During this year’s municipal elections, voters will see familiar names when they stand in front of their voting machines…not the names from the nightly news, but rather the names of friends and neighbors who want to serve their community.
In a robust democracy, this is clearly what the Founding Fathers envisioned for what would become the United States of America as battles raged and lives were lost, all for the sake of independence.
Back then, the nation’s earliest settlers wanted to make decisions about their lives and communities freely without some king in a distant place interfering.
Their sacrifices gave birth to democracy and our deeply rooted right to self-government, where we the people take an active role in public decision-making. This right lives on in Pennsylvania’s local governments. William Penn brought the concept of township, borough, and county government to the new world more than 300 years ago – and it still works. Then and now, local government truly is the government closest to the people and has the most direct impact on our daily lives.
Unfortunately, in some places, democracy and self-government are being taken for granted. Apathy is on the rise.
Some people aren’t interested in voting and even less are interested in holding office. And it’s not just adults. Time magazine reports that when 4,000-plus high school and college students – tomorrow’s leaders, mind you – were asked if they would ever be interested in running for political office, 89 percent of them said “no.”
Much of this may be attributed to negative perceptions about gridlock and harsh partisan divisiveness, but those things simply don’t happen in most local governments.
In fact, many incumbents don’t face opposition in local elections because they’re doing a great job: maintaining affordable taxes, keeping roads open in the winter, providing public safety, and building parks and trails. In this case, voters likely figure, why fix something that isn’t broken? Incumbents also have conquered the local government learning curve and bring experience and knowledge to the table that’s hard to match – and beat.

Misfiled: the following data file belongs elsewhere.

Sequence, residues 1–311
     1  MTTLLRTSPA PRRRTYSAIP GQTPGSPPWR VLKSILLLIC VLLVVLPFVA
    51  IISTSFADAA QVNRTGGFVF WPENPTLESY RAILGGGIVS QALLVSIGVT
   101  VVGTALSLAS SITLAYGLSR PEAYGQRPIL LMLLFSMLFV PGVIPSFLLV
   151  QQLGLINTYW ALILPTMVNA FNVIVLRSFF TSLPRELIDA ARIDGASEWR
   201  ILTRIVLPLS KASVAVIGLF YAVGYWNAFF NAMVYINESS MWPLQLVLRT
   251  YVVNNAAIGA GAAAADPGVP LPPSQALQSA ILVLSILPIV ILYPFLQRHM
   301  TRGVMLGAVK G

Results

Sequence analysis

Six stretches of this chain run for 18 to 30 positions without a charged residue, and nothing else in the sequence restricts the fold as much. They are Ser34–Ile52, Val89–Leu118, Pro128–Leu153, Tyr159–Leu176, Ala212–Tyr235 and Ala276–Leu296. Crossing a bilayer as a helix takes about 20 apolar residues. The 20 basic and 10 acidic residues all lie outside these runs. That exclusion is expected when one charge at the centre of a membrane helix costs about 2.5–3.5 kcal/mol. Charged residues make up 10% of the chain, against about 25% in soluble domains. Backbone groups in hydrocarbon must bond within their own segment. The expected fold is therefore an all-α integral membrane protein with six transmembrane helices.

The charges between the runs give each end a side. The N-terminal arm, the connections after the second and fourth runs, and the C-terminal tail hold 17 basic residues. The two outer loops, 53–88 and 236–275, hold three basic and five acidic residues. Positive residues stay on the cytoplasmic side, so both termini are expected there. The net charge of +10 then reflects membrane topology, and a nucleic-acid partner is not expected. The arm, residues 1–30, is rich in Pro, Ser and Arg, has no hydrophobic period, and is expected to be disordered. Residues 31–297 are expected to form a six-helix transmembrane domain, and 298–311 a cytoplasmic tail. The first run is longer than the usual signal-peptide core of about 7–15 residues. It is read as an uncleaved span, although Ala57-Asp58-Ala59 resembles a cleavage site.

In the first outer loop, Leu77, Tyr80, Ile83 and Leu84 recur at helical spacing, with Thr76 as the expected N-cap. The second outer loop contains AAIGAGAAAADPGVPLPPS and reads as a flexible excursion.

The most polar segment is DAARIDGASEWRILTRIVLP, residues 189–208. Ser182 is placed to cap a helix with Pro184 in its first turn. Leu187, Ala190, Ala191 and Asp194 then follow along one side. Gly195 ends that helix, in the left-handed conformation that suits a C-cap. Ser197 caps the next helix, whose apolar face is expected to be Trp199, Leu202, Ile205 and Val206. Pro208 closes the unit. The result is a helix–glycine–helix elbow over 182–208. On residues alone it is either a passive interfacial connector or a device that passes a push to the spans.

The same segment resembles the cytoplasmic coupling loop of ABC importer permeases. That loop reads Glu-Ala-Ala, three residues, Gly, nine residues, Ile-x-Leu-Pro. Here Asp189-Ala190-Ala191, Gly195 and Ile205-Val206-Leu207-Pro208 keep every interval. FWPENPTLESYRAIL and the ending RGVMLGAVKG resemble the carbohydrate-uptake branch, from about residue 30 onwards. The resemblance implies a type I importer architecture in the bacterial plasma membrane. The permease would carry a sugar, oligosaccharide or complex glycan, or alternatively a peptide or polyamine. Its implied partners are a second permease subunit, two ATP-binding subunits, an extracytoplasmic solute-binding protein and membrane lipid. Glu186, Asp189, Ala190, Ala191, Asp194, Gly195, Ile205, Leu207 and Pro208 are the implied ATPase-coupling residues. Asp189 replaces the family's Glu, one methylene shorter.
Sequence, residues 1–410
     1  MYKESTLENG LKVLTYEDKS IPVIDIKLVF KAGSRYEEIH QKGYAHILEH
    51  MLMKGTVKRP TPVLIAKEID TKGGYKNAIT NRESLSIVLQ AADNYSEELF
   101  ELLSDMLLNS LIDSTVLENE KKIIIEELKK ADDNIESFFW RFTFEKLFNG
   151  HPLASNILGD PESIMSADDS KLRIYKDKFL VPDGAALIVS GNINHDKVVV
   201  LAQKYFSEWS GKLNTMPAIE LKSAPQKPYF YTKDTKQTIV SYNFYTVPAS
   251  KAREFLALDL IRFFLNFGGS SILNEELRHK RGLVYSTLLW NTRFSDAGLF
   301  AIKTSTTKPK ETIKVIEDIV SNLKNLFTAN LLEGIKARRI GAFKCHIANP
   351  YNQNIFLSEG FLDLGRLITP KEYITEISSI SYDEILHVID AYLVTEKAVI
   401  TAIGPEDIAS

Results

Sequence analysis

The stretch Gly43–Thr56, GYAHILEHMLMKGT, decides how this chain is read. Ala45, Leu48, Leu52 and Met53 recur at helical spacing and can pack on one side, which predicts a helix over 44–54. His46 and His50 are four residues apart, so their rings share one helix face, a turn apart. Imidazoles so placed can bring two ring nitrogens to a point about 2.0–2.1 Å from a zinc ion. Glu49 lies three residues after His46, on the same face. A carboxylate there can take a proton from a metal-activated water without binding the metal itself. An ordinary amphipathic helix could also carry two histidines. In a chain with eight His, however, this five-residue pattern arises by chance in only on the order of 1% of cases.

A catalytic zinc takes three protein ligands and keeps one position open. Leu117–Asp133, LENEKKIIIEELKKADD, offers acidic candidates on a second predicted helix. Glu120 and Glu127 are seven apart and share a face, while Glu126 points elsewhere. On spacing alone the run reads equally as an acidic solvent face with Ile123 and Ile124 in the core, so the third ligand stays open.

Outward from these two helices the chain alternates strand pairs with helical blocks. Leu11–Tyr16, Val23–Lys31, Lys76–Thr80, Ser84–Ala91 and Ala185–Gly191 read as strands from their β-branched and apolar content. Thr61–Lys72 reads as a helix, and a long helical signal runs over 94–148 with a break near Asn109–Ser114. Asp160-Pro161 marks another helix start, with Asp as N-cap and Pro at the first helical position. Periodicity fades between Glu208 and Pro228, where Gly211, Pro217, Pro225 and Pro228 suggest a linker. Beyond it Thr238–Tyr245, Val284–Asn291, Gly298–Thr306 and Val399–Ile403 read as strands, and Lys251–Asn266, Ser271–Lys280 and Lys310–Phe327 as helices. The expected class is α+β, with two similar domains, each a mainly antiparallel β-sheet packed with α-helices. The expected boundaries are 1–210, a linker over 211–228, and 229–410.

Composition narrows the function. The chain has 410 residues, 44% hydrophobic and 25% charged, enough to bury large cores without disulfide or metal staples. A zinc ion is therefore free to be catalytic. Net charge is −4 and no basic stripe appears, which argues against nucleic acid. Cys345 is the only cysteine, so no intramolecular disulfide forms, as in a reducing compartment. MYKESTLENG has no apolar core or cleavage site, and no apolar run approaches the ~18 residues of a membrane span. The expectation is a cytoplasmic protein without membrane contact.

That said, some municipalities struggle to fill vacancies, whether it’s finding candidates for service and recruiting firefighters or lining up volunteers for the local community day: Residents are busy juggling hectic lives. And what time they do have is being funneled into work, their kids’ after-school activities and sports, and other interests.
Could our Founding Fathers have predicted this way of life at a time when there were no cars or smart phones? No, but do today’s circumstances justify our collective apathy? I don’t think so.
Let’s face it, we all make time for the things that we care about. Shouldn’t that carefully curated list include the community that we’ve chosen to call home and raise our kids and grandkids?
It’s time to take an active role.
Consider volunteering, for instance. Many municipalities have advisory groups, including planning commissions and recreation boards. Volunteer fire and ambulance companies could use help, too. Find something that interests you, get involved, offer your opinions, and support your community and elected leaders. You’ll learn a lot and gain a true appreciation of what it takes to manage a municipality.
You might even consider running for office yourself.
Local government is populated with people just like you – people who never thought they’d be a public official. Some were asked to run. Others were motivated by the desire to help. Either way, they got involved, and many continue to serve their communities.
With municipal elections happening in 2019, there’s no better time to toss your hat into the ring, but you need to get moving. Candidates can begin circulating and filing their nomination petitions between February 19 and March 12. The staff at the county elections office can explain the process and paper work.
Throughout history, Americans have given their lives to protect our freedoms and democracy. At the very least, the rest of us can spare our time and talents to serve our communities and to ensure, as Abraham Lincoln so eloquently said, “that government of the people, by the people, for the people, shall not perish from the earth.”
David M. Sanko is the executive director of the Pennsylvania State Association of Township Supervisors. With a broad background in local and state government, Sanko oversees an organization that is the primary advocate for the commonwealth’s 1,454 townships of the second class, home to 5.5 million Pennsylvanians.
The views expressed here are those of the author and not necessarily those of The Susquehanna Valley Center.
Nothing contained here should be considered as an attempt to aid or hinder the passage of any legislation before the General Assembly.